Economists call it recession
November 26, 2001 Posted: 2137 GMT
NEW YORK (CNN/Money) -- The world's largest economy sank into a recession in March, ending 10 years of growth that was the longest expansion on record in the United States, a group of economists that dates U.S. business cycles said Monday.
The National Bureau of Economic Research (NBER), composed of academic economists from Harvard, Stanford and other universities, joined a chorus of economists and investors who were saying that a recession had already begun. The group posted its decision on its Web site.
It ruled that the long expansion ended in March and the nation's tenth recession since the end of World War II began at the same time. The declaration means the longest expansion lasted exactly 10 years. The previous record for uninterrupted economic growth was set in the 1960s, a period of eight years and 10 months lasting from February 1961 to December 1969.
At the White House, President Bush, whose father lost the White House partly as a result of the country's last recession, said the declaration added urgency to the need to get a package of economic stimulus measures approved by Congress and passed into law.
"I knew the economy was not in good shape right after I took office," he said. "We will do everything we can to enhance recovery."
The president called on Congress to move quickly to pass an economic stimulus so that he will be able to "sign it before Christmas."
The NBER panel is composed of six economists, including Martin Feldstein, who served as chairman of former President Reagan's Council of Economic Advisers.
"The NBER's Business Cycle Dating Committee has determined that a peak in business activity occurred in the U.S. economy in March 2001," the panel said in its announcement. "A peak marks the end of an expansion and the beginning of a recession."
The country's last recession begin in July 1990 and lasted until March 1991. But he NBER did not officially declare the downturn over until December 1992. Democrat Bill Clinton used the economy's troubles as a major weapon in his successful campaign to unseat the first President Bush in 1992.
The group also said the economy might have been able to avoid a recession without the impact of the Sept. 11 terrorist attack, which all but shut down the economy for several days and has had a lasting impact on tourism, the airline industry and other businesses.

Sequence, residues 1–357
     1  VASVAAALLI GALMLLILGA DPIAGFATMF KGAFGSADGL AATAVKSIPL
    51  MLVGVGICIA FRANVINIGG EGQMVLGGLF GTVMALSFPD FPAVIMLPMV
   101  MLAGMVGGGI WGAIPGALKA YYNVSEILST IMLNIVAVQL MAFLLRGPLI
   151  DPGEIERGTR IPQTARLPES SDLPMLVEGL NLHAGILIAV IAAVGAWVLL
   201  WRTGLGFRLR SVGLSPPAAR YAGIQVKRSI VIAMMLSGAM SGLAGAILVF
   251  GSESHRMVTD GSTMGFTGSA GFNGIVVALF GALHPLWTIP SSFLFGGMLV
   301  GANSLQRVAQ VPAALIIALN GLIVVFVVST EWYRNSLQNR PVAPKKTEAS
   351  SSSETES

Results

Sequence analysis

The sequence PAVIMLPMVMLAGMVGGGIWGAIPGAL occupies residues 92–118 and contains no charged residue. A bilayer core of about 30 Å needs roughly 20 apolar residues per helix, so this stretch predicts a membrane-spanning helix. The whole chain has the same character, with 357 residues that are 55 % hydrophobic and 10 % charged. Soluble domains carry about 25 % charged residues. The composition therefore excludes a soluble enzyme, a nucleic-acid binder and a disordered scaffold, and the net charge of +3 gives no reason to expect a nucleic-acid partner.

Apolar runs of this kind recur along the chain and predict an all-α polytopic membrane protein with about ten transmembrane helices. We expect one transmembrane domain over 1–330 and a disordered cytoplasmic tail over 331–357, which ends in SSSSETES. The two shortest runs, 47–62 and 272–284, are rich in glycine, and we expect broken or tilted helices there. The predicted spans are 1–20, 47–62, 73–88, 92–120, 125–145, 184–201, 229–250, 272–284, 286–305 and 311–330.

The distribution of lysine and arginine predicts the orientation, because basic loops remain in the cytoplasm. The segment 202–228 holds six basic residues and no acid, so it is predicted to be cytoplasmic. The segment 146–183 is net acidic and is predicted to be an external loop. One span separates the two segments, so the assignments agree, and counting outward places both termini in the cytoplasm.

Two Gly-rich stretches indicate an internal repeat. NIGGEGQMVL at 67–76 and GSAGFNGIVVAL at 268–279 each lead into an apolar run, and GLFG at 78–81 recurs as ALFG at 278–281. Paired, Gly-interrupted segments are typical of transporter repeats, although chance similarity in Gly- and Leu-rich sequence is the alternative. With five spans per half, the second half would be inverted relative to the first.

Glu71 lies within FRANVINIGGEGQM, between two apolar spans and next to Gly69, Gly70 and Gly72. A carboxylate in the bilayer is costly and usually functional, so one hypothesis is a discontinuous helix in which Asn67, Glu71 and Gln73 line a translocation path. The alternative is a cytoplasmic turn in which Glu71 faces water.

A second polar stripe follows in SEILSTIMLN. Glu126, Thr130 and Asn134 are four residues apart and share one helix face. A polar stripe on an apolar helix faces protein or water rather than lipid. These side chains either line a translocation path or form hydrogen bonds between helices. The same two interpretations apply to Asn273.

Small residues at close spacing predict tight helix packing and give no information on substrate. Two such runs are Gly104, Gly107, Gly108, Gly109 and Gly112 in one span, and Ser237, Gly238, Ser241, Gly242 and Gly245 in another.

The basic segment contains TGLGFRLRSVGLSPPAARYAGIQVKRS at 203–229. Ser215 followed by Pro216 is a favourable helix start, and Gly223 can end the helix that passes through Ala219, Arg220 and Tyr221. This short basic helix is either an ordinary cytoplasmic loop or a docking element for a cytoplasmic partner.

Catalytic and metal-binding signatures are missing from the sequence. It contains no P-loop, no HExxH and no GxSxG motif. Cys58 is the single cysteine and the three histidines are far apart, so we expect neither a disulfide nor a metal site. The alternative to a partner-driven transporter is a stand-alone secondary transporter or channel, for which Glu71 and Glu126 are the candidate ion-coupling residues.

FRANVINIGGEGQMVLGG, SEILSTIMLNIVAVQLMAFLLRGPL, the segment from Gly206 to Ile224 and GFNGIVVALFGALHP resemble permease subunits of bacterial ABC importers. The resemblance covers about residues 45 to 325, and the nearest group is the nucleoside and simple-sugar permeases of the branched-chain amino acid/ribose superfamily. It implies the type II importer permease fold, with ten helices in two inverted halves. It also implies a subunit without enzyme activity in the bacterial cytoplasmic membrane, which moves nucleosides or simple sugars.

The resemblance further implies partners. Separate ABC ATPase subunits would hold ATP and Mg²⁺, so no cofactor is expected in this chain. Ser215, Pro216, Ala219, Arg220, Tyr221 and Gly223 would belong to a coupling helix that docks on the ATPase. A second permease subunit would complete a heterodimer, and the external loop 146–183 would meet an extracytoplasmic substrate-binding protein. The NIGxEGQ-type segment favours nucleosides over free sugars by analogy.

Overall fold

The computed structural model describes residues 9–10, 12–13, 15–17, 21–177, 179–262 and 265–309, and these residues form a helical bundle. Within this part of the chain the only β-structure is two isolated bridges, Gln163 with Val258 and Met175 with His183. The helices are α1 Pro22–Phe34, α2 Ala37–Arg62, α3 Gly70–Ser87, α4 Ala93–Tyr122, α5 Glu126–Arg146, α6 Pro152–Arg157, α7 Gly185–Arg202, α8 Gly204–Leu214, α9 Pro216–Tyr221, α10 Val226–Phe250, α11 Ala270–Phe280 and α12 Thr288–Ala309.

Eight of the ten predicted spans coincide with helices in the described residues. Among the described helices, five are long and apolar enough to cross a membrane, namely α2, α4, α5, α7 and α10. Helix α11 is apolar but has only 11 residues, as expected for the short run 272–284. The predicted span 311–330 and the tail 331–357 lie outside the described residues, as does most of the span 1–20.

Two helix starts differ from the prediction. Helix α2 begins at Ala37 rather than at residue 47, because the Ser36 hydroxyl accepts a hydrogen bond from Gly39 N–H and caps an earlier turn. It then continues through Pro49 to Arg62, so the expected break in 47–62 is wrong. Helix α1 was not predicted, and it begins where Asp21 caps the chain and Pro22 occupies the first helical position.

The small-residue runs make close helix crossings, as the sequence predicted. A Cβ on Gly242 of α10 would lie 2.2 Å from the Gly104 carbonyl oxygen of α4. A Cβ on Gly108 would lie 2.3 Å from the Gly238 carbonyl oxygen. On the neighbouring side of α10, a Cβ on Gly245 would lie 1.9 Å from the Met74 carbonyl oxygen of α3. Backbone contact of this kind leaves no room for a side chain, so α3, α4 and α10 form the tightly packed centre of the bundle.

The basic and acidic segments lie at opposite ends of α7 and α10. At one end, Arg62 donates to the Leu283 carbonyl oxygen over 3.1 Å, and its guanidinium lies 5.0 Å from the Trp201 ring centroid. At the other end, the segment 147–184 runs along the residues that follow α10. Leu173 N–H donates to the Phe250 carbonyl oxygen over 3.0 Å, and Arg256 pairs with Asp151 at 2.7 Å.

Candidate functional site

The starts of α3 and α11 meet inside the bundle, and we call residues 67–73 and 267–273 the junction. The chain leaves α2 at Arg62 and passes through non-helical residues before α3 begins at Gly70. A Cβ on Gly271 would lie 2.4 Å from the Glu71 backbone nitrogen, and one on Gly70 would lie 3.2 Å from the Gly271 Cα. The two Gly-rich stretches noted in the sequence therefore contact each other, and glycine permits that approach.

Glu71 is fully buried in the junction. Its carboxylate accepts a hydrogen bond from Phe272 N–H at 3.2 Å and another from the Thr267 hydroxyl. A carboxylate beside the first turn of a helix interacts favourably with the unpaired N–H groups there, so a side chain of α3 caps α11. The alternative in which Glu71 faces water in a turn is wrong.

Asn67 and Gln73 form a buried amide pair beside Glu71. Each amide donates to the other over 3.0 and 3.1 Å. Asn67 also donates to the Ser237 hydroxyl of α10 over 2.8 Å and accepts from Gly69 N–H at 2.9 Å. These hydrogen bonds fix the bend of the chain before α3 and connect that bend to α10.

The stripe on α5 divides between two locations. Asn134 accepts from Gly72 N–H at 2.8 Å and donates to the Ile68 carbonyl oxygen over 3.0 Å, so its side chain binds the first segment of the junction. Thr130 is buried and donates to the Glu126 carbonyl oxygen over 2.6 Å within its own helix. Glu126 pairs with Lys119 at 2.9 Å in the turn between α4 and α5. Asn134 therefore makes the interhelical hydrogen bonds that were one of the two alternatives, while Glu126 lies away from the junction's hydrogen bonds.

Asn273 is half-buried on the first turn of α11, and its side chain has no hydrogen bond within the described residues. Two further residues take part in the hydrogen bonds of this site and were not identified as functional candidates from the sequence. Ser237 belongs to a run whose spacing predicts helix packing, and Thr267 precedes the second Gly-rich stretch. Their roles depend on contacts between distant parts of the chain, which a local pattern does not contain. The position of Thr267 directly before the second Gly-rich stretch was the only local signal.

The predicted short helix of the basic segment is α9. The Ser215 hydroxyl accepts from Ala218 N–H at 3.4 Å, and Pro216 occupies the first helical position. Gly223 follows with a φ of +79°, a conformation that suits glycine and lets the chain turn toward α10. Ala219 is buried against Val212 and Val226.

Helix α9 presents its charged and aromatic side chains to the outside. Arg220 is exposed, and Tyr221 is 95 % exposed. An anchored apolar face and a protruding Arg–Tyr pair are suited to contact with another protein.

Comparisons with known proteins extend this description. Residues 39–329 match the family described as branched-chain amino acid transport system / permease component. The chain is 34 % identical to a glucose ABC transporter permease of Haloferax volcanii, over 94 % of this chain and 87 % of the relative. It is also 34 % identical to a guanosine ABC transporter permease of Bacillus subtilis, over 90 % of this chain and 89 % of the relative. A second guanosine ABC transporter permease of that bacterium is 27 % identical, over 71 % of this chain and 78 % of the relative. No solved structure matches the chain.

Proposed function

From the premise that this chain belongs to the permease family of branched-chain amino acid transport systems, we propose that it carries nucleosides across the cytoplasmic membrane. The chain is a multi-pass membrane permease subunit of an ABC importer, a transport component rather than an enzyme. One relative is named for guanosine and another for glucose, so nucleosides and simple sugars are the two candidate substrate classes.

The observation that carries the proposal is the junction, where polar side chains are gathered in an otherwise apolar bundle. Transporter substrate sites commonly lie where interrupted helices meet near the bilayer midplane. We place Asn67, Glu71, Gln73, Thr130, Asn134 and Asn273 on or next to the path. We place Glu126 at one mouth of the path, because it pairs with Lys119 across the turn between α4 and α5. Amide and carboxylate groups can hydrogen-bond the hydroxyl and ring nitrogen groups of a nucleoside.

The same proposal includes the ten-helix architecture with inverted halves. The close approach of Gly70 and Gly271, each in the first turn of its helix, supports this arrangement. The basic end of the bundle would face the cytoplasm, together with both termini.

"The attacks clearly deepened the contraction and may have been an important factor in turning the episode into a recession," said a statement from the private, nonprofit, nonpartisan research organization.
The most common definition of a recession is two or more quarters of a shrinking economy; the nation's gross domestic product, the broadest measure of economic activity, fell 0.4 percent in the third quarter and many analysts said it is probably declining more sharply in the current quarter.
NBER's statement said its determination of a recession is based on monthly rather than quarterly data that it believes are a more accurate gauge of the state of the economy. "The committee gives relatively little weight to real GDP because it is only measured quarterly and it is subject to continuing, large revisions," the group said.
The NBER cited a number of factors in its definition of a recession, including declines in employment, industrial production, incomes and sales.
Some analysts believe the current downturn could be over soon, with the most optimistic calling for a rebound in the first quarter of 2002. Others say the rebound will not come until late spring or early summer.
Ben Bernanke, a member of the panel, told Reuters that based on historical data from previous post-war recessions, the U.S. economy is likely to begin a recovery by next July.
The Federal Reserve has cut interest rates 10 times this year – three of those since Sept. 11 – in a bid to keep consumers spending and help lessen the severity of a downturn.
-- from staff and wire reports
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